Stephan Schmidt

How To Succeed With A Rewrite

Why rewrites fail and what to do about it


You’re going to do a rewrite. Don’t. Yes, I know, but don’t. I have been involved in rewrites, relaunches and redesigns as a developer and CTO. Most don’t work out. Even those that finish seldom deliver on technology promises or business value. And all risk your company, incapacitated for months, your competition gets ahead, or key customers drop because you don’t deliver features.

As Joel Spolsky wrote about Netscape: “Well, yes. They did. They did it by making the single worst strategic mistake that any software company can make: they decided to rewrite the code from scratch.”

With one of the key results of rewrites “then they made it again in rewriting Quattro Pro from scratch and astonishing people with how few features it had”

Or as Swizec Teller writes: “1. Stop the world and rewrite 2. Build a new system next to the old - These sound clean and tidy. The old and the new system stay neatly separated while you work. But that almost never works.”

Still you want to rewrite your companies’ system? You really need to or the business stops? Then I’ll help you succeed. But it’s a difficult task that needs all your attention. First, let’s find out why rewrites are so difficult to pull of.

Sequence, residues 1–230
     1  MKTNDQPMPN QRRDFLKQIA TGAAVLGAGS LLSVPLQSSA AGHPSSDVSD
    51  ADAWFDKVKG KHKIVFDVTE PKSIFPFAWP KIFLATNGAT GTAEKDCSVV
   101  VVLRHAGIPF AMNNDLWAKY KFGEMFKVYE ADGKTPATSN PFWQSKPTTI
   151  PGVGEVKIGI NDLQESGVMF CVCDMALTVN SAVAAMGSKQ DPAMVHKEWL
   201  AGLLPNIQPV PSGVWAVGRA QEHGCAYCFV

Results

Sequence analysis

Rewrites fail

Reasons:

  1. The destination of your rewrite is a moving target. Ever walked 50 meters behind someone, but faster ready to overtake that person? It takes surprisingly long and your estimate how long it would take is remarkably off - because the person moves, and we’re not good at estimating the distance to a target moving away from us. In a rewrite while you write the new version, new features are added to the old code. And more features are added. All of them are assumed to be added to the rewrite. It’s like in Achilles paradox. From Britannica “The paradox concerns a race between the fleet-footed Achilles and a slow-moving tortoise. The two start moving at the same moment, but if the tortoise is initially given a head start and continues to move ahead, Achilles can run at any speed and will never catch up with it. Zeno’s argument rests on the presumption that Achilles must first reach the point where the tortoise started, by which time the tortoise will have moved ahead, even if but a small distance, to another point; by the time Achilles traverses the distance to this latter point, the tortoise will have moved ahead to another, and so on.”

  2. You have no business requirements. Software systems are like icebergs. There is a small UI, that you can see but a huge portion of the iceberg - and your system - is underwater. In the case of an iceberg, only 1/10th can be seen. Product mangers often assume only the parts they see need to be rewritten and plan accordingly.

  3. The code went through years of bug fixing. You plan to deliver that level of quality without that period of bug fixing. Years of edge cases that no one thought of have been fixed with bug fixes. The Probability is high that edge cases no one thought of before would be the same no one thinks of now.